Hillmer, together with other researchers in Germany and Australia, genotyped several hundred men who began to go bald before the age of 40. They found five variants on chromosome 20 that were strongly associated with male pattern baldness.
“Our aim is eventually to identify all the genes that are involved,” Hillmer says.
In another study of nearly 2,000 balding men and women, researchers from Europe, Canada, and the United States also identified a link between variants on chromosome 20 and male pattern baldness. One in seven of the Caucasian men in that study had risk factors on both that chromosome and the X chromosome; they were seven times likelier to go bald than people without those variants. The effects of the same risk factors in women were less pronounced. Neither of the research groups found any evidence of interactions between genes at the two locations.
The prevalence of these genetic risk factors for baldness “varies strikingly worldwide,” Hillmer says, although it doesn’t fully explain geographic differences in the prevalence of male pattern baldness, such as the low incidence among Southeast Asians.
A separate study by researchers in Europe offers new insights into the functioning of hair follicles, at least in mice. It was previously thought that stem cells in hair follicles were limited to a specific part of the follicle, and that they seldom divided. But Rune Toftgård of the Karolinska Institute, in Sweden, and his colleagues discovered long-lived stem cells in mouse hair follicles that are very active. Elaine Fuchs, head of the laboratory of mammalian cell biology and development at The Rockefeller University, who wasn’t involved in the study, termed Toftgård’s research “compelling.”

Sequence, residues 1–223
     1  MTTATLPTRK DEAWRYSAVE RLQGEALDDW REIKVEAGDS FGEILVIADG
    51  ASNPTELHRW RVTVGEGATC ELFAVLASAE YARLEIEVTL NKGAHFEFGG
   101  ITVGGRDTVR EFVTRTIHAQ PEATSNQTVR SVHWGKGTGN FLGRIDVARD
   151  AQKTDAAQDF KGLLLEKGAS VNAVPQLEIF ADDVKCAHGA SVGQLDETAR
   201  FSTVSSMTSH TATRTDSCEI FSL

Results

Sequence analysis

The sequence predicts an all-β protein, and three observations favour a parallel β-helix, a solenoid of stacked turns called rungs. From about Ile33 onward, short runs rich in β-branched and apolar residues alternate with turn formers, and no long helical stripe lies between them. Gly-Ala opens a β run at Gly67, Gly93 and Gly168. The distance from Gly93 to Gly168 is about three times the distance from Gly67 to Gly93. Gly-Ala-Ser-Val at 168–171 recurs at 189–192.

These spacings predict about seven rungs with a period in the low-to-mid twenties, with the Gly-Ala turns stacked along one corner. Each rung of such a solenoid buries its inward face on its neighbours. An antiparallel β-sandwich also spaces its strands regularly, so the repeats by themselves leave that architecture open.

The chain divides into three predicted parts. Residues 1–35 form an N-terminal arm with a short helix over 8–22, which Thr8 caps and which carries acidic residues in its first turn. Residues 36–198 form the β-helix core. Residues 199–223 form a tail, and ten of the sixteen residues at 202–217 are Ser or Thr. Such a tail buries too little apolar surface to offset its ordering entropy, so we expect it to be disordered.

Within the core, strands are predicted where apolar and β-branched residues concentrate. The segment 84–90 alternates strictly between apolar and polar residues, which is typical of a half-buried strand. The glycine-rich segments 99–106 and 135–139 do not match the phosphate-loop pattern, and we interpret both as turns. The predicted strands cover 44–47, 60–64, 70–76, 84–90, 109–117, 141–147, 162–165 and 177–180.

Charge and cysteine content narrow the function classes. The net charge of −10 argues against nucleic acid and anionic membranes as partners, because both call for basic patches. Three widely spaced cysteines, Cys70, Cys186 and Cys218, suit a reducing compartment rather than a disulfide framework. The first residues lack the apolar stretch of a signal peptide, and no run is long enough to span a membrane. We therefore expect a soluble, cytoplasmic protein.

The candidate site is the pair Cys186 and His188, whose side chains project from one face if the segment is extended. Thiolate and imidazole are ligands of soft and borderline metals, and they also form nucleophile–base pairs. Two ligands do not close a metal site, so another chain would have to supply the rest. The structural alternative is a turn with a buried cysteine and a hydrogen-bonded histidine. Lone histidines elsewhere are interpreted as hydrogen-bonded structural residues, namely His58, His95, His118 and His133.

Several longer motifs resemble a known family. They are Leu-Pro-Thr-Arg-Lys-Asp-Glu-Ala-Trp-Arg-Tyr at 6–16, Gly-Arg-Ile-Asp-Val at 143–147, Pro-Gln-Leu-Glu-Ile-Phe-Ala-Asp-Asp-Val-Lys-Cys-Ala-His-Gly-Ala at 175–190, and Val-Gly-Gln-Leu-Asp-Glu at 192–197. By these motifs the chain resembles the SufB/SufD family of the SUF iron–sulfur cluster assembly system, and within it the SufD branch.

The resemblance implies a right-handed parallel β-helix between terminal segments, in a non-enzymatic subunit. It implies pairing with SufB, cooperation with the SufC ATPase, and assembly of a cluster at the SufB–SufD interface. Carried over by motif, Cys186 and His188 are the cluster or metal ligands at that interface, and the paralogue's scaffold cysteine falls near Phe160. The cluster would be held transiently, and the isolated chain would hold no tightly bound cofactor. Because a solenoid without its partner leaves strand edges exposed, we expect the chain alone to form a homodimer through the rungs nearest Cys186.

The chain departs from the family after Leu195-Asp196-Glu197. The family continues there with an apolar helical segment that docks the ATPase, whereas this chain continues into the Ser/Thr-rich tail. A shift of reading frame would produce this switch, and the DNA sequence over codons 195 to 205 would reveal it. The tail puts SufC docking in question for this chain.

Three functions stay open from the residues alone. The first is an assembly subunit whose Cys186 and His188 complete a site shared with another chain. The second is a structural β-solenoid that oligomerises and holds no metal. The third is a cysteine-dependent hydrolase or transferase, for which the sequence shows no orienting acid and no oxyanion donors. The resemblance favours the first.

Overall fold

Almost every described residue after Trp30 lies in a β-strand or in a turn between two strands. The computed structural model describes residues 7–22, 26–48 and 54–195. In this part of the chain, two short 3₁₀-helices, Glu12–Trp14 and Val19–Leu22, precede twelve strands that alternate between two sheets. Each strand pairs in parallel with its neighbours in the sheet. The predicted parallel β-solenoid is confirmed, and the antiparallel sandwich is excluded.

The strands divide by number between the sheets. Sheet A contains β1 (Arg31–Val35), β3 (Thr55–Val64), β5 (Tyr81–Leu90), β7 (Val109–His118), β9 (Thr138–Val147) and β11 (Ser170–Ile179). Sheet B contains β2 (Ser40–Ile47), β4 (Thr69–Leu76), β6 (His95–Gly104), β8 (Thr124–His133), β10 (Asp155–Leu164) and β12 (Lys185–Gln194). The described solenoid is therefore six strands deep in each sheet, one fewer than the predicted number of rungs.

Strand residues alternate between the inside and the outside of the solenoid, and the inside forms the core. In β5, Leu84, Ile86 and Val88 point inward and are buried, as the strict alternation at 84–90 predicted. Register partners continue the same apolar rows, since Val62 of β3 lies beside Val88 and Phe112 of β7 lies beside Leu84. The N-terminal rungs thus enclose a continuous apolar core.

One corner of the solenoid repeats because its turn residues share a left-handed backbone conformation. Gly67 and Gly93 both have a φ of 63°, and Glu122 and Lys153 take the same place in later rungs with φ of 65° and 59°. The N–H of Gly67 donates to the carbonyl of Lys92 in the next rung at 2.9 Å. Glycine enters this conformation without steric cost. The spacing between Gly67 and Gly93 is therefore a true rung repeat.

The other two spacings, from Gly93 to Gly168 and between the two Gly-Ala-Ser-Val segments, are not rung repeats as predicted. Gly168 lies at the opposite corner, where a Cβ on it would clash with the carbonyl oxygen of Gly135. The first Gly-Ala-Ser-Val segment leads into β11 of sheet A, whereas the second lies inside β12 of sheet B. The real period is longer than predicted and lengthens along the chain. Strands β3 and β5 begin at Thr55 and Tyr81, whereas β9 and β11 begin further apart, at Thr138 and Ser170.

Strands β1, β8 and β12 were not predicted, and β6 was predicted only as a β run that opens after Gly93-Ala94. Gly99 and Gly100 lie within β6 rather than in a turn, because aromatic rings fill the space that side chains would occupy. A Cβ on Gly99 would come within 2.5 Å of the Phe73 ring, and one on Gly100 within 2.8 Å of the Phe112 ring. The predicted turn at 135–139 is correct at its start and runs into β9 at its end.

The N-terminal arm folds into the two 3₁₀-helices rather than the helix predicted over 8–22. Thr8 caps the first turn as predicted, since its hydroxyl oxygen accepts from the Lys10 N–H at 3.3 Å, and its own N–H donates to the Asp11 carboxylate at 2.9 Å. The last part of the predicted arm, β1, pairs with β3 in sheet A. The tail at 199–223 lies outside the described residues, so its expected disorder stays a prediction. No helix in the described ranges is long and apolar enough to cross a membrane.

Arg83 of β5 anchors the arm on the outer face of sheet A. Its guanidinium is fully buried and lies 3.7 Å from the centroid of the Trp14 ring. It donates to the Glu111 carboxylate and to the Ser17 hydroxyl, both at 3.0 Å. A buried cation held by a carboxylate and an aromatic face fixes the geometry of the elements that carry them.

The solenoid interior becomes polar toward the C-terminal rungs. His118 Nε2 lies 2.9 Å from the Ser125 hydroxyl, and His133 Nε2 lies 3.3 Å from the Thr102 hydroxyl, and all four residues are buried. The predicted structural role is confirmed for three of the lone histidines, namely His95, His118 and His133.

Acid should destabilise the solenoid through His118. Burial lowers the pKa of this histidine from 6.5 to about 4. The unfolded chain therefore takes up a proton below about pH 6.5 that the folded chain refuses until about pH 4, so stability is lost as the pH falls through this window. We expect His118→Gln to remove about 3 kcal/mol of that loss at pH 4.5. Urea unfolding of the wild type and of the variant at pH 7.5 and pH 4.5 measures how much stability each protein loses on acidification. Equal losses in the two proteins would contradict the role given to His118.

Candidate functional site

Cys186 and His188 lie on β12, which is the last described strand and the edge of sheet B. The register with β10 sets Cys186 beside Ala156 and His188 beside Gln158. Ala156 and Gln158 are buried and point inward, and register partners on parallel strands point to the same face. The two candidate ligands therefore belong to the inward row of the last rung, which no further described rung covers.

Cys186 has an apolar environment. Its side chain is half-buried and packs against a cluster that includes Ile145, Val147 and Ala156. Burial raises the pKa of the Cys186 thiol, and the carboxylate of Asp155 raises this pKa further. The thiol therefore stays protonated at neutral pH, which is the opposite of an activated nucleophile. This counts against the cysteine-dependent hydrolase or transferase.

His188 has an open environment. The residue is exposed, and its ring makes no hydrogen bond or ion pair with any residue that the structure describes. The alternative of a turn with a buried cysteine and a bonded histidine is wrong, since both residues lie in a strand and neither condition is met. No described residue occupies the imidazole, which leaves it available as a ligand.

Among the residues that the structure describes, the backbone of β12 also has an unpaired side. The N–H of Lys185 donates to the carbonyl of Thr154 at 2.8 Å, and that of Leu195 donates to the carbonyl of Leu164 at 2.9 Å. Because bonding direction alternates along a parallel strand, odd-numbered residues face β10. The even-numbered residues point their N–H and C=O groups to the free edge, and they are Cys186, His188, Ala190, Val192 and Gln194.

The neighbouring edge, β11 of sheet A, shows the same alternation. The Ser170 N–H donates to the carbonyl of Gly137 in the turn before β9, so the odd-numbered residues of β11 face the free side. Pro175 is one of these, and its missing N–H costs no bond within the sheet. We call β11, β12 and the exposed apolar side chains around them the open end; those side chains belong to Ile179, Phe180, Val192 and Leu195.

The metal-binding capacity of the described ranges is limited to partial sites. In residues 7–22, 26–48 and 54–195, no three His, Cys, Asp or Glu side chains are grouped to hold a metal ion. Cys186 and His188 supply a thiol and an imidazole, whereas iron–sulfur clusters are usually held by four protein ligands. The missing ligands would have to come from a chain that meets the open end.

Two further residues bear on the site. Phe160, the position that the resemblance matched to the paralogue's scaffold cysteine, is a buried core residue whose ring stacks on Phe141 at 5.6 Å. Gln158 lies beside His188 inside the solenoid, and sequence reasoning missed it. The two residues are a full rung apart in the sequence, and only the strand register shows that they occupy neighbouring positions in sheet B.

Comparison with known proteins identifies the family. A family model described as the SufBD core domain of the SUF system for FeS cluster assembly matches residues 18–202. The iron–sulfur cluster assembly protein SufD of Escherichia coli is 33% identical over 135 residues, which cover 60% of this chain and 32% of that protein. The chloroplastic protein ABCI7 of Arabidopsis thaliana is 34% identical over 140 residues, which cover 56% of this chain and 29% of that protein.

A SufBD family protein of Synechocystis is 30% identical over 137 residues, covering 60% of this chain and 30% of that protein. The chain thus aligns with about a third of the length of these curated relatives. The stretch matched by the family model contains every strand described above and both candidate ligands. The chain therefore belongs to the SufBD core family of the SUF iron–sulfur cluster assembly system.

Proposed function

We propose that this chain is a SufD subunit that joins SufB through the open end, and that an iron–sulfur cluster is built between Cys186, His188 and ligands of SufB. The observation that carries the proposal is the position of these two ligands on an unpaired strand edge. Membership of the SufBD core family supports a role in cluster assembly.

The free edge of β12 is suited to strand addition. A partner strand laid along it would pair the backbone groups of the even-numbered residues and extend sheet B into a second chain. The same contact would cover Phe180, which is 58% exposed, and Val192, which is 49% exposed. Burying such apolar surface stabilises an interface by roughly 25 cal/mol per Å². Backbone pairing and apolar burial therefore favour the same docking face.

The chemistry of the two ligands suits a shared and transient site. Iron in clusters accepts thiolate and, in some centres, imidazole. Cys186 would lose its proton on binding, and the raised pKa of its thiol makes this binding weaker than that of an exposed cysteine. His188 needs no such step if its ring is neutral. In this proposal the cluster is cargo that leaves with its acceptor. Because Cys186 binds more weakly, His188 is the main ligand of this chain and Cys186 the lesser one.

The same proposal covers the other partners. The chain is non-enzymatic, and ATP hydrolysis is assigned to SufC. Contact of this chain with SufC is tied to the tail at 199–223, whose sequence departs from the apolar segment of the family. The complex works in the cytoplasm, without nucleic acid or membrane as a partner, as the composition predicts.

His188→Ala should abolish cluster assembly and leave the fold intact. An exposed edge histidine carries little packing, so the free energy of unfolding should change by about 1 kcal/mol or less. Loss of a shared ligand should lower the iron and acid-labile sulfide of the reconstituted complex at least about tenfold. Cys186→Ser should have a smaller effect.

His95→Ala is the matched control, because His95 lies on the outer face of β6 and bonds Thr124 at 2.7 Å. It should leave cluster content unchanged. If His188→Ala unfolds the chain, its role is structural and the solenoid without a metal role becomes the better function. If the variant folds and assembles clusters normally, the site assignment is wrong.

“Even when they’re out of their normal location, they still have stem-cell properties,” Toftgard says.
When the researchers isolated these cells and transplanted them onto the skin of hairless mice, the cells regenerated into complete follicles, which sprouted hair. While that might seem like a promising approach for filling in thinning human hair, Lloyd E. King of Vanderbilt University, who wasn’t involved in the work, says that human and mouse follicles are different enough that such treatments are “unlikely to happen soon.”